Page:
Minister for Small Business Bruce Bilson today released the final report of the Professor Ian Harper-led Competition Policy Review, the first such major review in 22 years. The report finds that Australia’s competition policies, laws and institutions have performed well in that time, but in the context of major changes in Australia’s economy – notably new technologies, the ageing population, and the rise of emerging economies - makes 56 recommendations to improve competition and promote well-functioning markets. Today’s report follows on from the draft report that was released in September 2014 and an issues paper published in April 2014. Almost 1000 submissions were made as part of the review’s public consultation process.
The final report includes recommendations relating to a wide range of sectors including human services, transport and infrastructure, and supermarkets, and considers a number of issues including cartel behavior and government procurement. It also identifies priority areas for review, including Australia’s intellectual property regime, planning and zoning, and taxis and ride-sharing, and areas for immediate reform, including removing restrictions on retail trading hours, parallel imports, and pharmacy ownership and location rules.
The report recommends a number of changes to Australia’s competition laws, including the misuse of market power provision (section 46), to ‘prohibit conduct by firms with substantial market power that has the purpose, effect or likely effect of substantially lessening competition…’
It also advocates for the creation of a new national body, the Australian Council for Competition Policy, to replace the National Competition Council. It recommends that the Australian Competition and Consumer Commission (ACCC) retain oversight of competition and consumer issues, but that a separate access and pricing regulator be established.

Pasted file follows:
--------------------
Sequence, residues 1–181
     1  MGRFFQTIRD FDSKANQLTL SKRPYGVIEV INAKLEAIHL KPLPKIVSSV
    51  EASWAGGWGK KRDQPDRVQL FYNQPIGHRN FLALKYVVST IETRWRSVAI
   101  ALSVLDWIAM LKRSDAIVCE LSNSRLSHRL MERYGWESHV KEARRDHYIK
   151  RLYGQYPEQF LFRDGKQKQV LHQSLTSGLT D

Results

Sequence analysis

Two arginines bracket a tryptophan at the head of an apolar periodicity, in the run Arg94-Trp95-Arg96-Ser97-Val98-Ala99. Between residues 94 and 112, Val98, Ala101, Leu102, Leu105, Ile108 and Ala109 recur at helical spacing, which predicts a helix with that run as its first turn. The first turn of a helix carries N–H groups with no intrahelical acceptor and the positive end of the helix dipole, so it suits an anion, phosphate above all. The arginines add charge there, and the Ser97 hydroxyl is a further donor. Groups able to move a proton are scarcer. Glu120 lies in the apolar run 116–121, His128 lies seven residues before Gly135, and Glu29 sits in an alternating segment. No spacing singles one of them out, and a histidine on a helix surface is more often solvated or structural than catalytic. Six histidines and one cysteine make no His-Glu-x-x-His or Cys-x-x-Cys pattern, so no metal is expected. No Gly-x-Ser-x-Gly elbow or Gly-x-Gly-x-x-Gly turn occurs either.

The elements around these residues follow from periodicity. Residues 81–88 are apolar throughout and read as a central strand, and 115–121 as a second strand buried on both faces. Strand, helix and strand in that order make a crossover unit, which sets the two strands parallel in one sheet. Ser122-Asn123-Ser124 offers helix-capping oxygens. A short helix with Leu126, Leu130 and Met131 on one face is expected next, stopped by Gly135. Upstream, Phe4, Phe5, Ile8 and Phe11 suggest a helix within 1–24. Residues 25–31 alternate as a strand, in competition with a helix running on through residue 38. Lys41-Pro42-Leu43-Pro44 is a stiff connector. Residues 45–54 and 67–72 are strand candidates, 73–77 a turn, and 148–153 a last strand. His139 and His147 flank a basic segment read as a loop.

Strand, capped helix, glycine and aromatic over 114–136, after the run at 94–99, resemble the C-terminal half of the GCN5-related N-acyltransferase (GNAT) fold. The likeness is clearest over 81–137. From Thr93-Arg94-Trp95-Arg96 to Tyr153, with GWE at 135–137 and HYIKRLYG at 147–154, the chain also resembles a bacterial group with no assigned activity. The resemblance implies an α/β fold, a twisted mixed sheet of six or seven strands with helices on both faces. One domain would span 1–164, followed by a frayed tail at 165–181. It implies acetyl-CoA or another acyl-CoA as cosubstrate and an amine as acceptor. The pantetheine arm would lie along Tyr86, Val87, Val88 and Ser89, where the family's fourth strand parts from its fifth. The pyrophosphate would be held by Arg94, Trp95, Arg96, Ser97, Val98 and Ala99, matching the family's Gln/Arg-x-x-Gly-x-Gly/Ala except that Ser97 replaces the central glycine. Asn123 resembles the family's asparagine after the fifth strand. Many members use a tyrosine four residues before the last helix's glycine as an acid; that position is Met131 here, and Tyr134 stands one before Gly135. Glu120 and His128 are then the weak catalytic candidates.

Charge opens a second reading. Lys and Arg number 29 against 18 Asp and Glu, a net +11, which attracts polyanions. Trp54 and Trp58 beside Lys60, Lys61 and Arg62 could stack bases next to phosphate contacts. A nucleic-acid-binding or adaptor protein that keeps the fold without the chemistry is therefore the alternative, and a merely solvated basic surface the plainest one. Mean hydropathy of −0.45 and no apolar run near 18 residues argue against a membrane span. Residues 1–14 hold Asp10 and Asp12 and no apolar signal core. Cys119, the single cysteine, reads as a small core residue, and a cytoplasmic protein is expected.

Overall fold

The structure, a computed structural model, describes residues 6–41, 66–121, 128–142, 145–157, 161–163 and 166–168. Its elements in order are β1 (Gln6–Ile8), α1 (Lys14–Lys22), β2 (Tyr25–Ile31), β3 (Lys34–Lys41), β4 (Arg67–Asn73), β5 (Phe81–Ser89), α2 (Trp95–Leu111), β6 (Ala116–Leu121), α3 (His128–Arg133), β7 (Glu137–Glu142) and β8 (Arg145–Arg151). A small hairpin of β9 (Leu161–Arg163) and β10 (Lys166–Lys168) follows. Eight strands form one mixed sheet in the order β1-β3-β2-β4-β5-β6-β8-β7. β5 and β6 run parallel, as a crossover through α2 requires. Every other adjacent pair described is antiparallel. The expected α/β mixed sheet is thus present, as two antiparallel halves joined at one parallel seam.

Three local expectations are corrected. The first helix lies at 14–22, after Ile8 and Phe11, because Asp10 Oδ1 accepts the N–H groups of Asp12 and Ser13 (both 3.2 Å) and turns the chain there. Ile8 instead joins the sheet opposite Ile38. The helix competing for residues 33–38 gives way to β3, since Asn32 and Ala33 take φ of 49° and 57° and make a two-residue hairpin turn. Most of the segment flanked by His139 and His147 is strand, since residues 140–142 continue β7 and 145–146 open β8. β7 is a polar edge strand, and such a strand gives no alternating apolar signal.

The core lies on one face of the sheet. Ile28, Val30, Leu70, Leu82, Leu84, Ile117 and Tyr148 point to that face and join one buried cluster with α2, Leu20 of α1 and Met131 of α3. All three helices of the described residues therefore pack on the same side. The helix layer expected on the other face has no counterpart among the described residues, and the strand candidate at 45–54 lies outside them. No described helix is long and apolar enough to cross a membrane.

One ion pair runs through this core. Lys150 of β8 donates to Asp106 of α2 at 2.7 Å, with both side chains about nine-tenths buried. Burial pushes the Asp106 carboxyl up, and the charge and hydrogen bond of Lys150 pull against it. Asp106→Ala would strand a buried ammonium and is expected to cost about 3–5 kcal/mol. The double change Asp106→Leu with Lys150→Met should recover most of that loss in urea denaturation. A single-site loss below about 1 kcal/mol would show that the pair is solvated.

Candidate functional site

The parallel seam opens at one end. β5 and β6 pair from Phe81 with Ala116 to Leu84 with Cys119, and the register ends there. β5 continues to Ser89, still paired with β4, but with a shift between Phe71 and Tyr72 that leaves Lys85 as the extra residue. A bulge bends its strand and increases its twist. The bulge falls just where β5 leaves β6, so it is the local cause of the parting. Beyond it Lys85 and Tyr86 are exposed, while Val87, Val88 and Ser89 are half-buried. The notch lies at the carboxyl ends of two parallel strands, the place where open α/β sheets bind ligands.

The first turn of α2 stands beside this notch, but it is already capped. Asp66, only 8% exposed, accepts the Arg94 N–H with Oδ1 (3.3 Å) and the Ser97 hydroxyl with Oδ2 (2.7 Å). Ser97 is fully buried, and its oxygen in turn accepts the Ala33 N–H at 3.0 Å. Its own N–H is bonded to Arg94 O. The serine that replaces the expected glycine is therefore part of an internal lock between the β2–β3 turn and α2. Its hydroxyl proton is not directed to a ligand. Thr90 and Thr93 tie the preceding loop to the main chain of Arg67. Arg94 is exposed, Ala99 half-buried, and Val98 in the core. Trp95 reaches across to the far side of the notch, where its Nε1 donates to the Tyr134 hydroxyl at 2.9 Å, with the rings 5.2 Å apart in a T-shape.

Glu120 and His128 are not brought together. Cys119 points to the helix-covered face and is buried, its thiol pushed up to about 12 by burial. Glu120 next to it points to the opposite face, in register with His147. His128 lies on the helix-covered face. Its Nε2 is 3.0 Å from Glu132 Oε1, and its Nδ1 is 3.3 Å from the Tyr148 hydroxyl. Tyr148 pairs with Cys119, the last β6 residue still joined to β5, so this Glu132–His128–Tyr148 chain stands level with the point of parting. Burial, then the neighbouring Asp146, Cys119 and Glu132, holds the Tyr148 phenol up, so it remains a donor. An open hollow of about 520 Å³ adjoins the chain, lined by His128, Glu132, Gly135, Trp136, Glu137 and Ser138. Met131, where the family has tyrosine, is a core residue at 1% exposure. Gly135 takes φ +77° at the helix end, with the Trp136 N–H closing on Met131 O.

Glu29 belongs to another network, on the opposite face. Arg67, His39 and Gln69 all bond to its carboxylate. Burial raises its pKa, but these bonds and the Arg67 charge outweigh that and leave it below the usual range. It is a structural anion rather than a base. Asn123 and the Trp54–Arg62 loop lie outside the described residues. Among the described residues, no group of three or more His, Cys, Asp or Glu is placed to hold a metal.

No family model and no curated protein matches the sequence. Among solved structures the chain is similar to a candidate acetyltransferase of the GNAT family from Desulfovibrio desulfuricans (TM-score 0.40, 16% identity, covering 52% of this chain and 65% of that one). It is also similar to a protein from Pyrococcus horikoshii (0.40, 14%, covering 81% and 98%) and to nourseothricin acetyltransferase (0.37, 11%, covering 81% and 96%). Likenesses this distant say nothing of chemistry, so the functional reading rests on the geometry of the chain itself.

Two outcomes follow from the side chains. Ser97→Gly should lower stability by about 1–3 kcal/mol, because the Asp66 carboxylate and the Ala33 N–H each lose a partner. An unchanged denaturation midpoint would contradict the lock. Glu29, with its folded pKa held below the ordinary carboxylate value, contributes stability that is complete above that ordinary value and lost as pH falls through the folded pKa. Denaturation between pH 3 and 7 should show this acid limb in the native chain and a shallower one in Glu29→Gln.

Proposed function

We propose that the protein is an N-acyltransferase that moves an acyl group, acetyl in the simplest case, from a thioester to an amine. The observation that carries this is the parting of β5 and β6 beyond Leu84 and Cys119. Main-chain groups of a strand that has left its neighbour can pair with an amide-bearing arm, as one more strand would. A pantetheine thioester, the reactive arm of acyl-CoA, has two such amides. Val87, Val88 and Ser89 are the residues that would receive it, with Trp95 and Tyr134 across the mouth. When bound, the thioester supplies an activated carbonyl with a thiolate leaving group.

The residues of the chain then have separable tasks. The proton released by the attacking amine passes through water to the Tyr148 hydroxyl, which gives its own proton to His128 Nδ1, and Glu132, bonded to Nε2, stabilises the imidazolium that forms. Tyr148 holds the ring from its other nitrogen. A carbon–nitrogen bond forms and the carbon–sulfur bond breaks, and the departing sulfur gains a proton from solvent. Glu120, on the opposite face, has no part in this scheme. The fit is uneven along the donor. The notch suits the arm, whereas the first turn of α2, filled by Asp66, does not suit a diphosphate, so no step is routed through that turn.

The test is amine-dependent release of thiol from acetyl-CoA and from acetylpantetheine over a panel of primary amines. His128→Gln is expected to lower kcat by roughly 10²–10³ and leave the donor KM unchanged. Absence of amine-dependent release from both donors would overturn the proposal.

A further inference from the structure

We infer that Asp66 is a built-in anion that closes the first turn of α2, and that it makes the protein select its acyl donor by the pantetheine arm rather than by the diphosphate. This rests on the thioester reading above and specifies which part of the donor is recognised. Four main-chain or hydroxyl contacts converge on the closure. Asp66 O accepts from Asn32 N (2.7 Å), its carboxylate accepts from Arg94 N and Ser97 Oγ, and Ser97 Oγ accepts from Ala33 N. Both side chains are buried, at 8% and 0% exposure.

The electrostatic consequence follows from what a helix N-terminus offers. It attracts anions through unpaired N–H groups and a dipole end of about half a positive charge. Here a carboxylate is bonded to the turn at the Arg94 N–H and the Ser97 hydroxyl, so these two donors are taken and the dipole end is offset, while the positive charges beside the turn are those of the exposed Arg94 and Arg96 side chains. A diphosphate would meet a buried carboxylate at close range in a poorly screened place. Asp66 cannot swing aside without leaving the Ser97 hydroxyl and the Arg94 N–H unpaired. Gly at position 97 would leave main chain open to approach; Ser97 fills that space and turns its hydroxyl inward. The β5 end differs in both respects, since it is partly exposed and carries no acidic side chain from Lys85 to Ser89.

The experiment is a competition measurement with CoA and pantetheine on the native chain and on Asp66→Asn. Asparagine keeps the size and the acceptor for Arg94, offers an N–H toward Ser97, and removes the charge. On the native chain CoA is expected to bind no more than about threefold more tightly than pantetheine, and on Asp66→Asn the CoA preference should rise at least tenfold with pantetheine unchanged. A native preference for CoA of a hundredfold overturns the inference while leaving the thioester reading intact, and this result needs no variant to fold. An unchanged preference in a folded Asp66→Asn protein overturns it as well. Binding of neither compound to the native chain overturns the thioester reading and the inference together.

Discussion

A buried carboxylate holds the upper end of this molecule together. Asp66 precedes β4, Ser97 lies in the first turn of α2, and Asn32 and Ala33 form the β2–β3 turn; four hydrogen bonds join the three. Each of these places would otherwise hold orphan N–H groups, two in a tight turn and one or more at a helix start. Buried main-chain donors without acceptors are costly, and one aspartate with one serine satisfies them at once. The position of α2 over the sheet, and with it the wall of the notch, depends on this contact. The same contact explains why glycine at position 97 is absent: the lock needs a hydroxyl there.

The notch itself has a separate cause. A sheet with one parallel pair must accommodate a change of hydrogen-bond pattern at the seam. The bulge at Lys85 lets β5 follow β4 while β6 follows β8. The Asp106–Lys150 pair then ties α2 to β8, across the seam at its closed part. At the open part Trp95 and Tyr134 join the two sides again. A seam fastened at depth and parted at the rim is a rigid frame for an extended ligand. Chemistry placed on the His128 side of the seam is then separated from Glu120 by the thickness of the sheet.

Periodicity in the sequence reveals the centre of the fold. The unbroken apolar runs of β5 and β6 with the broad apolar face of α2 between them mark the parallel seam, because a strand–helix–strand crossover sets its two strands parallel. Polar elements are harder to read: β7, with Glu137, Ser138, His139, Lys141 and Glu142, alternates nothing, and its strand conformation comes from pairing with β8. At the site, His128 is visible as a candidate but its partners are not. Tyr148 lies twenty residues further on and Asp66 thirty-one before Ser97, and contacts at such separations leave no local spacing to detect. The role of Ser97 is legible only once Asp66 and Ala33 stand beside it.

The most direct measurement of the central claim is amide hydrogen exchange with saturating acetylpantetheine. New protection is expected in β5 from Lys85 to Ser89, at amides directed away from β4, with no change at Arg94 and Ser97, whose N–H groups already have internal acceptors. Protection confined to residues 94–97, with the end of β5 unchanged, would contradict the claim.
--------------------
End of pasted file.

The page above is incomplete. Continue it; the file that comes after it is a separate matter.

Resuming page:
The Government will now undertake an 8 week consultation with industry on the report’s recommendations, with a formal response expected in the second half of the year. Today’s report also includes an implementation ‘road map’ and estimates the economic benefits of key reforms.
The final report makes 56 recommendations across competition policy and laws, institutions and governance, and matters relating to small business and retail markets, including:
Minister’s Media Release
- Governments should introduce a cross-jurisdictional approach to cost-reflective road pricing with the aid of new technologies, with pricing subject to independent oversight and revenues used for road construction, maintenance and safety (recommendation 3)
- Regulations that restrict numbers of taxi licences and competition in the taxi industry should be reviewed, including from ride-sharing and other passenger transport services that compete with taxis (recommendation 10)
- Remaining restrictions on retail trading hours should be removed (recommendation 12)
- Restrictions on parallel imports should be removed unless it can be shown that the benefits of the restrictions to the community as a whole outweigh the costs and the objectives of the restrictions can only be achieved by restricting competition (recommendation 13)
- The Panel recommends that pharmacy ownership and location rules should be removed. Tendering for the provision of pharmacy services in underserved locations and/or funding through a community service obligation should be considered (recommendation 14)
- All governments should finalise the energy reform agenda, through application of the National Energy Retail Law, deregulation of both electricity and gas retail prices, and the transfer of responsibility for reliability standards to a national framework (recommendation 19)
- State and territory regulators should collectively develop best-practice pricing guidelines for urban water, with the capacity to reflect necessary jurisdictional differences (recommendation 20)